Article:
It has been my experience that really important conversations with my children often happen in the car. In our family, the car is one of the few places that I might be alone with just one child. It’s also a private and protected space. This doesn’t mean that I’m ever fully prepared for these interactions. I have learned, though, to pay attention when all of my mom alarms go off. “Listen to this person; they are showing you their heart.”
I was in the car last week with Katie, on our way to her annual well-visit, when she asked me how we would know if her birthmother was still alive or not. She’d obviously been giving this some thought and was looking for some straight talk. I explained, once again, our relationship with their birthmother and how the adoption attorney handles all of our communication. Katie was quiet and then said, “I miss her.”
These are important moments for any adoptive mom. It’s taken me awhile, but I’m learning to remove myself from the equation. Katie missing her birthmother doesn’t mean that I’m a bad mom; it just means that she misses the very woman who gave her life. I’m working on erring on the side of compassion; I’m asking the part of my brain that feels threatened to pipe down.
Even though Katie hasn’t had contact with her birthmother since we left the hospital, somewhere in her little soul, there is a longing.
A few years ago, Elizabeth unexpectedly said, “You know my birthmother? I think I remember her eyes.” It was a statement of such intimacy and loss that I forgot to breathe for a few seconds. Of course Elizabeth can’t remember her birthmother’s eyes in a literal or clinical sense, but what she was saying, I think, was “I miss something from before.”
I’ve been wondering lately if being adopted sometimes feels like being homesick.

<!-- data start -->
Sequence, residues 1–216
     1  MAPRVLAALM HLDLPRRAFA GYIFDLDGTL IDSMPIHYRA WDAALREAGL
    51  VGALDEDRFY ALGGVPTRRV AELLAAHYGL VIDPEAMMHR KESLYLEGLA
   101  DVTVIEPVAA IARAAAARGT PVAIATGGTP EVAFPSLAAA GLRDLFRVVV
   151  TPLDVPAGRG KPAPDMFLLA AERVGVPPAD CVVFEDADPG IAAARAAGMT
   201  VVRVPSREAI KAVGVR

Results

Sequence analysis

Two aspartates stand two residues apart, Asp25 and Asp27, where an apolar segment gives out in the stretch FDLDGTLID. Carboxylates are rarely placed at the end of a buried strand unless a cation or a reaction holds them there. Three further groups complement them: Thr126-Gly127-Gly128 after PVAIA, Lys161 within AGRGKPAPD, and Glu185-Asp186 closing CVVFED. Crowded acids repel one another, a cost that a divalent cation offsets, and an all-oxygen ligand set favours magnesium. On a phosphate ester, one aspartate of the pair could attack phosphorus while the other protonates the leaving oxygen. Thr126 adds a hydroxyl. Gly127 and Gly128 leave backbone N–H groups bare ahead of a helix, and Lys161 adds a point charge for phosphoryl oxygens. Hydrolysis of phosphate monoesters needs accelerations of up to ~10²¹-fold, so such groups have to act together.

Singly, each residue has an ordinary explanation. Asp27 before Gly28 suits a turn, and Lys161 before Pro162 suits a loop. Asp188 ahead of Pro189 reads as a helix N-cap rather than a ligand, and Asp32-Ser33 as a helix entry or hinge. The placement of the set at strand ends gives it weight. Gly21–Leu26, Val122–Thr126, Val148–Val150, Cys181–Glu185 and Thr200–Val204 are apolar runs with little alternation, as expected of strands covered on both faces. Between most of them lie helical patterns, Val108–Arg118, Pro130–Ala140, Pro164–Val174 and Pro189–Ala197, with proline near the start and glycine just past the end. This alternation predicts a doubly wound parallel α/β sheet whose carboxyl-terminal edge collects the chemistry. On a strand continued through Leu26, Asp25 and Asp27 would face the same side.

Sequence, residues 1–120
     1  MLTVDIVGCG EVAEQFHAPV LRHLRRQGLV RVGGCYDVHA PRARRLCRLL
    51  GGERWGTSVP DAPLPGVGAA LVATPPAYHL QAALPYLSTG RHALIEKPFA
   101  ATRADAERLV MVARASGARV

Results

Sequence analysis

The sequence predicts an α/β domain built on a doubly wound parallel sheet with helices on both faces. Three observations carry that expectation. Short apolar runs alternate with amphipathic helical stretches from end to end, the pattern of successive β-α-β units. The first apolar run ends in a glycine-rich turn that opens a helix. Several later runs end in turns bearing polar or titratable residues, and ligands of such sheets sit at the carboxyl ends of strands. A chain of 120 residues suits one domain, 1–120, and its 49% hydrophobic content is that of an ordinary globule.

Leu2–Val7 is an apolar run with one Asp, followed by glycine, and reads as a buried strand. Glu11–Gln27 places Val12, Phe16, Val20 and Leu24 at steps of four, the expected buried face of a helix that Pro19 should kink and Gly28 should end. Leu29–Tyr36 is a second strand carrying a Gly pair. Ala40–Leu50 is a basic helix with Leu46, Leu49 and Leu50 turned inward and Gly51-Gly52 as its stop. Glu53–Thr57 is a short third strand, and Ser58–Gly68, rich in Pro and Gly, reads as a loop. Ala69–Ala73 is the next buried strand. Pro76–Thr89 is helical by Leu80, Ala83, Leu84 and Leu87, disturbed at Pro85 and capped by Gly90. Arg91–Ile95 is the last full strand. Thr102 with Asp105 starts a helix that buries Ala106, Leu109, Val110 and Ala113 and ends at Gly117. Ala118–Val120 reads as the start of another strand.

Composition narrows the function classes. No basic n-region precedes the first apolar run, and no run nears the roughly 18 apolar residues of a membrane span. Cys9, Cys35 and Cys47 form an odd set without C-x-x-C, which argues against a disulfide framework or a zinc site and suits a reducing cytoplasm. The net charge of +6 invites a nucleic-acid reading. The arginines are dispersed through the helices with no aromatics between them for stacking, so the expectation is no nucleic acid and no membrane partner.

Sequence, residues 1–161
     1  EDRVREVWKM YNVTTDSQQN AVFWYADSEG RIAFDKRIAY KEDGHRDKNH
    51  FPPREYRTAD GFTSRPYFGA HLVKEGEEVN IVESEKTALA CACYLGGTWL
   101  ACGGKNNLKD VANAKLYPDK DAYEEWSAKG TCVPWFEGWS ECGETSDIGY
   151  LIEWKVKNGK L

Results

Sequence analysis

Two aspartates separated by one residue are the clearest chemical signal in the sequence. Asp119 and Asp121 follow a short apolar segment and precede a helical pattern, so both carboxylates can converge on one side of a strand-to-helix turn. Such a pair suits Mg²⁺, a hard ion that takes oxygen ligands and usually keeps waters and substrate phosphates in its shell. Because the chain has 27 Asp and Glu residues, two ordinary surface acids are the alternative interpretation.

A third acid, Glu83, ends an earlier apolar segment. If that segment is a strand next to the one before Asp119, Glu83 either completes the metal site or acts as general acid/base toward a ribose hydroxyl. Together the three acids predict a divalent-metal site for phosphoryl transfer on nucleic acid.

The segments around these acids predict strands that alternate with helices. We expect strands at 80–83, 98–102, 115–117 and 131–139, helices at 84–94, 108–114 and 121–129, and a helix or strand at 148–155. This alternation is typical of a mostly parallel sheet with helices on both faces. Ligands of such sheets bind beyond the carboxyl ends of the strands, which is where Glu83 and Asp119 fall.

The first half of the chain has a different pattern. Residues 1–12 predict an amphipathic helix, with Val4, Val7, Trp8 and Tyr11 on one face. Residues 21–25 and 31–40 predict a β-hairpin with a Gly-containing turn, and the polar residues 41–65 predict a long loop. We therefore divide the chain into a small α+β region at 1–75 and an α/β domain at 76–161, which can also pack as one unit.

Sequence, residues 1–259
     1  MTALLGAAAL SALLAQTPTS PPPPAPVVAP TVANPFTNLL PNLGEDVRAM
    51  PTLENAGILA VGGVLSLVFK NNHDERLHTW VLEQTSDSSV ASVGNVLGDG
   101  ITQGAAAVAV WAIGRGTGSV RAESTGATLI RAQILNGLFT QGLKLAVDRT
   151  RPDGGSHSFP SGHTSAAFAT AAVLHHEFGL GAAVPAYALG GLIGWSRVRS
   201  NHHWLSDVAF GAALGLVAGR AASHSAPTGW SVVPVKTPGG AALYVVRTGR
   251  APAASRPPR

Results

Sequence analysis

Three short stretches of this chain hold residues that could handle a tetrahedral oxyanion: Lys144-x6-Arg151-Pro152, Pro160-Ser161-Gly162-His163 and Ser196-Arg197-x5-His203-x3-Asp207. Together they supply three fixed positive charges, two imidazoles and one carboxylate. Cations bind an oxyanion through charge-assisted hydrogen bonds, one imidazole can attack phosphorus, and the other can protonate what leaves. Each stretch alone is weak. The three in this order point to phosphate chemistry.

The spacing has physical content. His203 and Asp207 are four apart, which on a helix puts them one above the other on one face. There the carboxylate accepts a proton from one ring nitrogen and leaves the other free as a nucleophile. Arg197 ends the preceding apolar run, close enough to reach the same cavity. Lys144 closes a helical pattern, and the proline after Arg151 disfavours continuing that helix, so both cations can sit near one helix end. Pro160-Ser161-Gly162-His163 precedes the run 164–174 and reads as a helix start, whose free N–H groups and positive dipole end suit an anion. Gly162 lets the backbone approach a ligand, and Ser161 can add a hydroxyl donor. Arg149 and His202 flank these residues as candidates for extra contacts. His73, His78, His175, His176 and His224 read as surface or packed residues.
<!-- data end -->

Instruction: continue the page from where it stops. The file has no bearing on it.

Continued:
As we were pulling into the doctor’s office, I did my best to both honor Katie’s statement and park safely. Then, we sat quietly for a moment. My heart hurt for her. I don’t know what it is like to not know what the women in my family look like as they age; I don’t know what it is like to wonder which side of the family I got my eyes or my mouth from; I don’t know what it is like to have only a sibling to tie me to my ancestors.
Today, our twins turn ten. Every year around their birthday, I send pictures of them through our attorney to their birthmother. Choosing and mailing the pictures used to knock the wind out of me, but now I see it as important practice for sharing them someday with a larger community.
A few days ago, Katie saw the envelope with the pictures on my nightstand and asked if they were for their birthmom. I told her that they were and we looked through them together. She didn’t seem that interested, but just a few minutes later, I walked into the kitchen to find she and Elizabeth making construction-paper cards for their birth mom. This seemed to come out of nowhere: we have never once talked about writing to her. I knew that we probably wouldn’t legally be allowed to send the cards to their birthmom, but it seemed lovely that they wanted to write out their feelings.
I took a deep breath and started cooking dinner while they worked on their cards. When they asked me if I wanted to hear what they had written, I told them that I would love to hear them. I had been praying the whole time they were working that, no matter what the cards said, I would handle it with love and strength.
The cards were so sweet and kind. By God’s grace, their words of “we miss you” and “we love you” and “we hope we get to see you again someday” landed on my heart like pure, gentle rain. I was so grateful to have daughters with such big hearts. I was amazed by their generosity towards her and inspired by their tremendous capacity for love.
Before we become parents, most of us don’t know how little we actually know about raising children. The good news is that we don’t have to know everything in the beginning. Ten years ago, I wouldn’t have believed that my heart could handle an unexpected note to their birthmother. I wouldn’t have known that their sweet words would break open my heart in a million different ways and then piece it back together again, kinder and stronger.